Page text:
Saturday, 5 November 2011

Smoke and Mirrors

Smoke, Mirrors  ...

November the 5th. Bonfire. Guy Fawkes. The tendency is to understand these as synonymous. The popular version of the story, beginning with a failed assassination attempt (led by Robert Catesby and supported by Guy Fawkes) is one that has familiarity, but there's something more that needs a little thought.

Bonfires (historically, the Celtic 'bone fire') stemmed from the traditions of burning waste after the autumn harvest and marked an annual pre-winter rite of passage. The contemporary version was reinforced by the Thanksgiving Act 1605 (also known as the Observance of 5th November Act) and ties in with infamous Gunpowder Plot. Look a little deeper at this and then this date is not just about the saving of King James I. It becomes the macabre 'celebration' of the death of a man who was hung, drawn and quartered following a trial for high treason.

And there is perhaps another rather ambiguous aspect to all this that might get overlooked. Is November 5th a celebration of victory over terrorism or the celebration of the terrorist himself? The popular media and the average Brit probably don't pay much thought to this possibility and are quite willing to live with a slightly over-romanticised idea of toffee apples and fireworks. But just a thought - imagine a similar date set aside for Osama bin Laden.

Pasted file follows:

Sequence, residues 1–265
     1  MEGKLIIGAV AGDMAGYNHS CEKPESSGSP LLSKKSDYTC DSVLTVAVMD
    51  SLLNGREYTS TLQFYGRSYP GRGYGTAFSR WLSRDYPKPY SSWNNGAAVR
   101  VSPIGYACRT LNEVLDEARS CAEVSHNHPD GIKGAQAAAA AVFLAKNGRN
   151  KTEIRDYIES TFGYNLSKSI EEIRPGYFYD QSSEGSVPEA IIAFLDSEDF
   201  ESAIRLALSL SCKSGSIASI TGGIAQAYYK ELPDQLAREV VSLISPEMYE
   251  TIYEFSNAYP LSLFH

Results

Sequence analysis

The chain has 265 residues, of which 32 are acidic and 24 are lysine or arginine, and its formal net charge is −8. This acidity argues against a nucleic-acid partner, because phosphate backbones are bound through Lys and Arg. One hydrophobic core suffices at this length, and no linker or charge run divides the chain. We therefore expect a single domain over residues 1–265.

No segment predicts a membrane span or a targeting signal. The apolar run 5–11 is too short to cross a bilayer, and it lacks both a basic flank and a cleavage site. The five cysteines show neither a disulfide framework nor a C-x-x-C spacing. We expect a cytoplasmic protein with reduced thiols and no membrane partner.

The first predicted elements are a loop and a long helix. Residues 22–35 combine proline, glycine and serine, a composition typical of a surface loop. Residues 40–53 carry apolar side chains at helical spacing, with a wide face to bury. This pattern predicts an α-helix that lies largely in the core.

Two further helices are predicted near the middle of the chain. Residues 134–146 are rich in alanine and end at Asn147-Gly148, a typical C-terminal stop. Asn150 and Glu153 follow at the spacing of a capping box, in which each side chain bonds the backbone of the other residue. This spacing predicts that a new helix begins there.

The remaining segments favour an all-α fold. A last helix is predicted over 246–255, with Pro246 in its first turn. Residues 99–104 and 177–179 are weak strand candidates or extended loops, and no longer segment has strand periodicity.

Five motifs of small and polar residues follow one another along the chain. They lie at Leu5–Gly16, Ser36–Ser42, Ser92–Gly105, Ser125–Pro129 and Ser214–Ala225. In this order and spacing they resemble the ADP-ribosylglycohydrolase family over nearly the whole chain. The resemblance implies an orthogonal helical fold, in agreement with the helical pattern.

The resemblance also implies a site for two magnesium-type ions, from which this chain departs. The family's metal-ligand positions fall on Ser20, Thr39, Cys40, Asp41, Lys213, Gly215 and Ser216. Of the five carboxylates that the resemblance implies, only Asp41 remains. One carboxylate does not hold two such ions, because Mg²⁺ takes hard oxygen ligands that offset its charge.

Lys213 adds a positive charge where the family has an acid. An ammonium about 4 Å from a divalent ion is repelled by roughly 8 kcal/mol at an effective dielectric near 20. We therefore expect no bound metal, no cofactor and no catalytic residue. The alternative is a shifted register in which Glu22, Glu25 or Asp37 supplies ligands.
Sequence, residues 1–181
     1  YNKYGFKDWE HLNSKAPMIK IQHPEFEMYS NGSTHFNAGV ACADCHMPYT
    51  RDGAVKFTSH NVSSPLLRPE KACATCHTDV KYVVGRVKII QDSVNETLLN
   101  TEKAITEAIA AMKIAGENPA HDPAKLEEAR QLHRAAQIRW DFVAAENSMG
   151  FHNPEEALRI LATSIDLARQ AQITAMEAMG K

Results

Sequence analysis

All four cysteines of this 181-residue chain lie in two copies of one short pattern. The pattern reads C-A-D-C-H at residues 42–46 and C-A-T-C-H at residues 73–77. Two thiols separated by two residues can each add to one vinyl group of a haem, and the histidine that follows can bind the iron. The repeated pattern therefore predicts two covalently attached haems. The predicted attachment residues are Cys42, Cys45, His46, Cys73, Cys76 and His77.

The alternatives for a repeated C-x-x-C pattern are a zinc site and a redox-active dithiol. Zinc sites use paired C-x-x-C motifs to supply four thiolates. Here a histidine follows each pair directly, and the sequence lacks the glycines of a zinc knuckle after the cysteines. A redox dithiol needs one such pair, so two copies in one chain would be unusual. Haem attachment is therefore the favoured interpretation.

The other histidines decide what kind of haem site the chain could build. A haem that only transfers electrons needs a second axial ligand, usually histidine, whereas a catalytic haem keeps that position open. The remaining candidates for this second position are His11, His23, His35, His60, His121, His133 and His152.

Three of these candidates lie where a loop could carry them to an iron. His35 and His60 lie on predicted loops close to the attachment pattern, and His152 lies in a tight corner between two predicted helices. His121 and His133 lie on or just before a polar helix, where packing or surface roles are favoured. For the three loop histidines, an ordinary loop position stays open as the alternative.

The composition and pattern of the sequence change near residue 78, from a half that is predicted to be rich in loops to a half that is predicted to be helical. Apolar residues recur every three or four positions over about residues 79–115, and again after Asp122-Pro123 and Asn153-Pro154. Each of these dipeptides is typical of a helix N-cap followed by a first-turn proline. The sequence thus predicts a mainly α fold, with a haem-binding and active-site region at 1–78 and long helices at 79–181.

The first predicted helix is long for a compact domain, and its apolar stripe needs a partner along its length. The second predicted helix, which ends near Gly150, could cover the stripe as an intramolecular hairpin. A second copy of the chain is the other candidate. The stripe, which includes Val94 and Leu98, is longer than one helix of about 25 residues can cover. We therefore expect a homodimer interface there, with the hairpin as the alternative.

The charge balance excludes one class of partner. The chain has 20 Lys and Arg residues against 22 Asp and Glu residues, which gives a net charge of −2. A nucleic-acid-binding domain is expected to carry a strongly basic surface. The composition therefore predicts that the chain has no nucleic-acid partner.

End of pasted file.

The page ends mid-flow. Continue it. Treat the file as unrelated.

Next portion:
... and Vendetta

The transformation of rebel to iconic hero is where Guy Fawkes' legacy now lies. During the recent anti capitalist protests, the image of Guy Fawkes, like the one worn as a mask by the unnamed protagonist in the film V for Vendetta, took on a contemporary symbol of resistance. Turns out that Guido Fawkes, the great anti-government rebel, would-be assassin and terrorist, wins after all.

Oh, and my favourite quote from the film? 

"People should not be afraid of their governments. Governments should be afraid of their people." 


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